George Cann

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Cann, Sergeant George no.3776.

30th Battalion (M.L.A. for Canterbury)

Enlisted 14/3/1916.

SMH 22/5/1916 p.8 Article.

SMH 19/6/1916 Article (already promoted to Lance-Sergeant).

SMH 28/6/1916 Farewell at Linga-Longa.

DT 26/3/1917 Portrait Members of the new parliament (Sergeant G. Cann PL.L.).

DT 19/6/1917 Sergeant George Cann MLA The Fight for Democracy.

At the Kia Ora Hall, Campsie, on Saturday evening, Lance-Sergeant George Cann, M.L.A., way entertained by the members of the Campsie branch of the Political Labor League, and by the local citizens. There were over 200 persons present, and Mr Broadhurst, president of the branch, occupied the chair. Mr Broadhurst, in asking Mr Holman (Premier) to make the presentation, said that Mr Cann had donned the khaki to fight the cause of humanity and help to secure the peace of the world. Mr Holman (Premier), in presenting Sergeant Cann with a silver wristlet watch, said no one could forecast when the war would cease. Sergeant Cann had fought the fight of democracy for humanity and was now going to fight in a more deadly war for the democracy of the world He would shortly be with the massed armies to put down those by the sword who have lived by the sword. In Australia there was no talk of not fighting to the bitter end. Every one must admire Sergeant Cann’s sturdy action, as he was a man who was now well up to the military age, and could well have stayed at home. Mr J.H. Cann (Minister for Public Works) said his brother was going forward into a new arena, and he had no doubt but that he would acquit himself well. There were six other relatives of his in the war, one in the navy, and five at the front. He had recently received a letter from one of them, who wrote:- ‘Every time we pass the Australian camp we look at their soldiers with pride and gratitude, and if more were sent the war would soon be over". He reiterated his promise to look after the Canterbury constituency during his brother’s absence, and stated that Canterbury would not suffer because their member had gone to the front. Sergeant Cann said he had been eight weeks a private, doing all kinds of work as other privates do, and afterwards attended the non- commissioned officers’ school and had succeeded, after by no means easy work, in being raised to the rank of lance-sergeant. Taking the soldiers he had come into contact with by and large, he had never found a better lot of men, if they were handled properly. During the evening McLeod’s orchestra played several selections, and a musical programme was contributed.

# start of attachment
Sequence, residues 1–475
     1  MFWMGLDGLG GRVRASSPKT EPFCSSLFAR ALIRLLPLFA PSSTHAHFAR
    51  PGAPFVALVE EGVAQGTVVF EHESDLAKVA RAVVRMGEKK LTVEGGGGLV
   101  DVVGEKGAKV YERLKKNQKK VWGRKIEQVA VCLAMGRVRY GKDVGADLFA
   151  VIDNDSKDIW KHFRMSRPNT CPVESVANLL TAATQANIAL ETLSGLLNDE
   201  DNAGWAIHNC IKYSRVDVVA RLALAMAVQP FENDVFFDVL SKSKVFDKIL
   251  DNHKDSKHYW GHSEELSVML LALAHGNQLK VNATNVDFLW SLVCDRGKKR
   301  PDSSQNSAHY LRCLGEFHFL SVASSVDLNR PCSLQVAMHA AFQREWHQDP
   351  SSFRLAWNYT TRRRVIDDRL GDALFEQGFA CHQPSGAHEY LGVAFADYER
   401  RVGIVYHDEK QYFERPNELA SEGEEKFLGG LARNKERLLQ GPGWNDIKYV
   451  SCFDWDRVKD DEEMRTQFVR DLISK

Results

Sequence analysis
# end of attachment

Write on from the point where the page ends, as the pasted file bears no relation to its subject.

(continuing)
Returned to Australia 19/10/1917.

Australian War Memorial record available at: [accessed 26/08/2016].

Special acknowledgement

The foundation of the information on this page was copied from the prize winning publication Canterbury's boys : World War I & Sydney's suburban fringe. This book is the culmination of 12 years (1988-2000) research by a team of volunteers from Canterbury and District Historical Society led by Dr Lesley Muir. Without this team's effort and dedication and the Society's willingness and support, this information would not be available today.


An uneditable version of the book Canterbury's boys : World War I & Sydney's suburban fringe is in the eBook section of this wiki. In the main section, there is an alphabetical list of the 1,911 names in the book with a link to the biography copied from the book about each individual. The alphabetical list is titled Canterbury's Boys list. The biographical files are editable, created to provide the space for descendants, historians, researchers, etc to contribute any further information, photographs, newspaper articles, memories, etc. they may have discovered so it is available for this and future generations.


Canterbury's boys : World War I & Sydney's suburban fringe. Edited by Lesley Muir. Campsie, N.S.W. : Canterbury and District Historical Society, 2002